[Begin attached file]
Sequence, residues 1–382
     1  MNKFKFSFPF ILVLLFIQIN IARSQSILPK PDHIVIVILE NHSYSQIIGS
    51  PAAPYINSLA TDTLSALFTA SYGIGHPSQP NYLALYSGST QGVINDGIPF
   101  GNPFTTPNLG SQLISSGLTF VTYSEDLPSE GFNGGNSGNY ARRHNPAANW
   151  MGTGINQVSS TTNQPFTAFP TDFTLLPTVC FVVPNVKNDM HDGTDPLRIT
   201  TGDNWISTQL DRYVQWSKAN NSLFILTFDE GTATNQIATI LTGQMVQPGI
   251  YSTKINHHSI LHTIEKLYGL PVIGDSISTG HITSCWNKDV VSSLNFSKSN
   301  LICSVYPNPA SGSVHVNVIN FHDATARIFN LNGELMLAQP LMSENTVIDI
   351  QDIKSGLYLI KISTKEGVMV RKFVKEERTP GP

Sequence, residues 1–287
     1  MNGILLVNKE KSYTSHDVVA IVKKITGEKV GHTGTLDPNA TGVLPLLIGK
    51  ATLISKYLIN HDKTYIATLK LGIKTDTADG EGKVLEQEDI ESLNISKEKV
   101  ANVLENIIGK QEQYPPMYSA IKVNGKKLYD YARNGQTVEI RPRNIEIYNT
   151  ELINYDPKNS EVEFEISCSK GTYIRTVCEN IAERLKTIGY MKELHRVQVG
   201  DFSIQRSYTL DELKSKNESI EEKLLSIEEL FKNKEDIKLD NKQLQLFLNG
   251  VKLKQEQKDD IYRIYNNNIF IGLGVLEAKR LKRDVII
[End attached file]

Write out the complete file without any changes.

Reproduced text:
Sequence, residues 1–382
     1  MNKFKFSFPF ILVLLFIQIN IARSQSILPK PDHIVIVILE NHSYSQIIGS
    51  PAAPYINSLA TDTLSALFTA SYGIGHPSQP NYLALYSGST QGVINDGIPF
   101  GNPFTTPNLG SQLISSGLTF VTYSEDLPSE GFNGGNSGNY ARRHNPAANW
   151  MGTGINQVSS TTNQPFTAFP TDFTLLPTVC FVVPNVKNDM HDGTDPLRIT
   201  TGDNWISTQL DRYVQWSKAN NSLFILTFDE GTATNQIATI LTGQMVQPGI
   251  YSTKINHHSI LHTIEKLYGL PVIGDSISTG HITSCWNKDV VSSLNFSKSN
   301  LICSVYPNPA SGSVHVNVIN FHDATARIFN LNGELMLAQP LMSENTVIDI
   351  QDIKSGLYLI KISTKEGVMV RKFVKEERTP GP

Sequence, residues 1–287
     1  MNGILLVNKE KSYTSHDVVA IVKKITGEKV GHTGTLDPNA TGVLPLLIGK
    51  ATLISKYLIN HDKTYIATLK LGIKTDTADG EGKVLEQEDI ESLNISKEKV
   101  ANVLENIIGK QEQYPPMYSA IKVNGKKLYD YARNGQTVEI RPRNIEIYNT
   151  ELINYDPKNS EVEFEISCSK GTYIRTVCEN IAERLKTIGY MKELHRVQVG
   201  DFSIQRSYTL DELKSKNESI EEKLLSIEEL FKNKEDIKLD NKQLQLFLNG
   251  VKLKQEQKDD IYRIYNNNIF IGLGVLEAKR LKRDVII